Full results of the NERC can be found here

    On Sunday it was Harvard-Radcliffe and Boston University taking home top honors at Women’s Eastern Sprints, capturing the Willing Point Trophy (Openweight Points Champion) and Konrad Ulbrich Trophy (Lightweight Points Champion) respectively. The Crimson cruised to first-place finishes in all three NCAA-scoring events in the Varsity Eight, 2nd Varsity Eight and Varsity Four. They also took home gold in the 3rd Varsity Eight and Varsity B Four. 

    Northeastern University followed with 100 points in the Willing Point standings after an impressive second-place finish in the Varsity Eight and 2nd Varsity Eight while also capturing bronze in the Varsity Four. Dartmouth College rounded out the top three in point standings after medaling in the Varsity and 2nd Varsity Eight.

    Three tenths of a point separated Boston University and University of Wisconsin for the lightweight points trophy with the Terriers’ finish in the Varsity Eight propelling them to top honors. BU finished nearly four seconds ahead of Harvard-Radcliffe to capture gold while Wisconsin crossed the finish ten seconds later to secure bronze. The Terriers rounded out their impressive Sunday with a silver finish in the 2nd Varsity Eight and placed third in the 3rd Varsity Eight.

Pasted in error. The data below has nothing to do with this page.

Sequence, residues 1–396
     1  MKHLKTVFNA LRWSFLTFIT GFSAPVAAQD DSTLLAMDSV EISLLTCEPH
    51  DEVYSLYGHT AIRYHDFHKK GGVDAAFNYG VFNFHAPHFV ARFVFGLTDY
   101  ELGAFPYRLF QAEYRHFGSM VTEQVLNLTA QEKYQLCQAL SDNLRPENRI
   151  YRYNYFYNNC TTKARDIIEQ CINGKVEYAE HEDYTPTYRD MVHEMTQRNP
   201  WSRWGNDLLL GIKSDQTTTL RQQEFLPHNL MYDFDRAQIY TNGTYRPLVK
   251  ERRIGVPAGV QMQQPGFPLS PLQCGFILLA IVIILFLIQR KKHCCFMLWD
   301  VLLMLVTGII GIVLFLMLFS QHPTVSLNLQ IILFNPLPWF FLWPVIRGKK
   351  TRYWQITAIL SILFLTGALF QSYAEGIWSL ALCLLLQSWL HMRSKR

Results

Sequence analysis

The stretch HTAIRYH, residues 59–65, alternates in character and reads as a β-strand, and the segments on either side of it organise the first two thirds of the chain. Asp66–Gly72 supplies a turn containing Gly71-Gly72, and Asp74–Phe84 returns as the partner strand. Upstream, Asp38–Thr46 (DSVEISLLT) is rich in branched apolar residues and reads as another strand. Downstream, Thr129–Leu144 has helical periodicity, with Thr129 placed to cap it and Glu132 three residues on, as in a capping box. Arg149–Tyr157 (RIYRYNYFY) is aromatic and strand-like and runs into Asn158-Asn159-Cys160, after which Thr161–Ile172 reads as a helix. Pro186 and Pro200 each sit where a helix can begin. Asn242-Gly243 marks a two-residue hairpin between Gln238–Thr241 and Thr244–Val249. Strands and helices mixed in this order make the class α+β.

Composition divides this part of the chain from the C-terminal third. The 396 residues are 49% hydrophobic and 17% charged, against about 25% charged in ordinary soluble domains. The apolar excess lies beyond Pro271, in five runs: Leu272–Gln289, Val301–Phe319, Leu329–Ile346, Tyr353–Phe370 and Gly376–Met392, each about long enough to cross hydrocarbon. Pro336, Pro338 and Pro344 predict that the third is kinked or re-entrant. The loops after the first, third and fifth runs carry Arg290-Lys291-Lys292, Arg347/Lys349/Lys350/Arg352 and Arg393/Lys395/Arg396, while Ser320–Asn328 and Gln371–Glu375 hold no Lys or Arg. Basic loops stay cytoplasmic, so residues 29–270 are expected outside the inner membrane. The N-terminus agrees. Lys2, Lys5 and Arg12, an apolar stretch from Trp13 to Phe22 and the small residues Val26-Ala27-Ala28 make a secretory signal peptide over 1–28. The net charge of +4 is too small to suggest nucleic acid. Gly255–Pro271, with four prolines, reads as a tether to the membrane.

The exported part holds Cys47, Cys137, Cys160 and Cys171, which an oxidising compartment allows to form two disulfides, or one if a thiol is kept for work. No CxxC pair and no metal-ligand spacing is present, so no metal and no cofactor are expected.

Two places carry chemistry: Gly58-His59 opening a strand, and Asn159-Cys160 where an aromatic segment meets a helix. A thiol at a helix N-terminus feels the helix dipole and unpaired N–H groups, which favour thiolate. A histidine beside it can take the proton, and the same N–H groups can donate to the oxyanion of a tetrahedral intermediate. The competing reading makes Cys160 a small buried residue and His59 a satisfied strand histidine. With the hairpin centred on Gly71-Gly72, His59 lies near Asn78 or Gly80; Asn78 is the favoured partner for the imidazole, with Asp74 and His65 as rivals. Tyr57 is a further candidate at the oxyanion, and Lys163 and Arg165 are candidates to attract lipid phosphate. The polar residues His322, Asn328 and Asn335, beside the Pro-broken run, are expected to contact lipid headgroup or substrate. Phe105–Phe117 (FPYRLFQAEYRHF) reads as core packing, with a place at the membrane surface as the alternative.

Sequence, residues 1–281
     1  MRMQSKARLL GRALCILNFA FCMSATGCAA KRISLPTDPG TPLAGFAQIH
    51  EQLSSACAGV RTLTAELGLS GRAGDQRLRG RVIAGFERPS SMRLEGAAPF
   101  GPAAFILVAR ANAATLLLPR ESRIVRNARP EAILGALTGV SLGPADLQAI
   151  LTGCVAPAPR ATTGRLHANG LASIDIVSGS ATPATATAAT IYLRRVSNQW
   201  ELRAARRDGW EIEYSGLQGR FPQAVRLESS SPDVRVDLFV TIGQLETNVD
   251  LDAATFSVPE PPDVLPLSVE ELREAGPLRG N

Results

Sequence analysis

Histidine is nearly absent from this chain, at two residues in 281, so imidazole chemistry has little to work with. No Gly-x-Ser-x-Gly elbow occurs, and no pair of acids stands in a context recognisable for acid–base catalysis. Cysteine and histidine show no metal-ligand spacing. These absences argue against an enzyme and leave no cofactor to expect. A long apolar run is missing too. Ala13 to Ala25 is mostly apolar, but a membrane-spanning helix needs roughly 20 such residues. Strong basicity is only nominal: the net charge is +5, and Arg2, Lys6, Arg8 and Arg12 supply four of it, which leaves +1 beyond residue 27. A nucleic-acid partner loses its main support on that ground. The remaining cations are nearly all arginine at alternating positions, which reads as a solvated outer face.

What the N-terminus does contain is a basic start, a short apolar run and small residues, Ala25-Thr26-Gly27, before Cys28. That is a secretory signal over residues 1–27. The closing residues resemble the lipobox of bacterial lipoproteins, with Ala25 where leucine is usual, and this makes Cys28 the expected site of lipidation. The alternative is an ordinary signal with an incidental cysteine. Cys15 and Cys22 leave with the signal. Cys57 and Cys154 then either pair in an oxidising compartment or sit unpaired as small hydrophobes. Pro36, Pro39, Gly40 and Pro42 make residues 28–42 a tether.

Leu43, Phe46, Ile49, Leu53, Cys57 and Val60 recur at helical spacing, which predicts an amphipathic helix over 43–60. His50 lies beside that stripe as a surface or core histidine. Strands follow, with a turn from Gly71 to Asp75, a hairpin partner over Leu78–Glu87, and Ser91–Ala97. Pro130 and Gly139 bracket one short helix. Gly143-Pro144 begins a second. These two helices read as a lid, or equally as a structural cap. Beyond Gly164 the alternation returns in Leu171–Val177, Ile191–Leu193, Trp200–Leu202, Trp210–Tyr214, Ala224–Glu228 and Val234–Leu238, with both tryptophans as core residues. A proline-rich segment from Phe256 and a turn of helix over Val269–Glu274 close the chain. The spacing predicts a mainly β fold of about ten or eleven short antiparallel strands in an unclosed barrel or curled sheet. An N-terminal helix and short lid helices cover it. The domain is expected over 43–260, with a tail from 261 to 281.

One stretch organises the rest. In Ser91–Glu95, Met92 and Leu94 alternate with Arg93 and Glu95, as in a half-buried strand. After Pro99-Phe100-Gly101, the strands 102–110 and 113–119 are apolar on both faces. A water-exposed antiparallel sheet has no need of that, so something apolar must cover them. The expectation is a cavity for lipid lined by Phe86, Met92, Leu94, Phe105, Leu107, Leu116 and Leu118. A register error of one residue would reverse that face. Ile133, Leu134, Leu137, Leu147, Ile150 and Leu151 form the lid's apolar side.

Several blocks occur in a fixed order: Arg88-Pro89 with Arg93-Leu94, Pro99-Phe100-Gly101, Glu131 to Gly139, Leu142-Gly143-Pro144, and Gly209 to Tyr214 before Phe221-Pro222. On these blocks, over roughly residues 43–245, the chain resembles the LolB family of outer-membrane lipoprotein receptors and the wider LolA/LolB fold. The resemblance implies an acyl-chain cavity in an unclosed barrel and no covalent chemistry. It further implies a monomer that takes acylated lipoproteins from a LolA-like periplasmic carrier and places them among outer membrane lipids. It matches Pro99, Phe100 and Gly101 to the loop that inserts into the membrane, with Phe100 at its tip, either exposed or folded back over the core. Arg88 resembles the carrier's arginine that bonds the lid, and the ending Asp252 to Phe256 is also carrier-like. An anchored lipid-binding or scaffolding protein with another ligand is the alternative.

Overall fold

Wisconsin swept gold in every other event they raced in, taking home the top spot in the 2nd Varsity Eight, 3rd Varsity Eight and Varsity Four. 

    The openweight teams will await their conference championships as they battle for the coveted automatic qualification nods and at-large bid into the NCAA Tournament while the lightweight crews will continue their training for the Intercollegiate Rowing Association (IRA) National Championships. 

    Full results for the open weight races can be found here.

    Full results for the lightweight events can be found here

  • The Ladies in Action - Preview for the 2016 Women's Sprints

    May 03, 2016
    Open Weight

    On paper at least, the team to beat heading into the 2016 Women's Eastern Sprints is Harvard-Radcliffe.  Led by long-time mentor Liz O'Leary, now in her 30th year at the helm of the Black and White, Harvard-Radcliffe arrives at the Sprints on the heels of a typically demanding spring schedule and has undoubtedly been seasoned for top-level racing by the experience.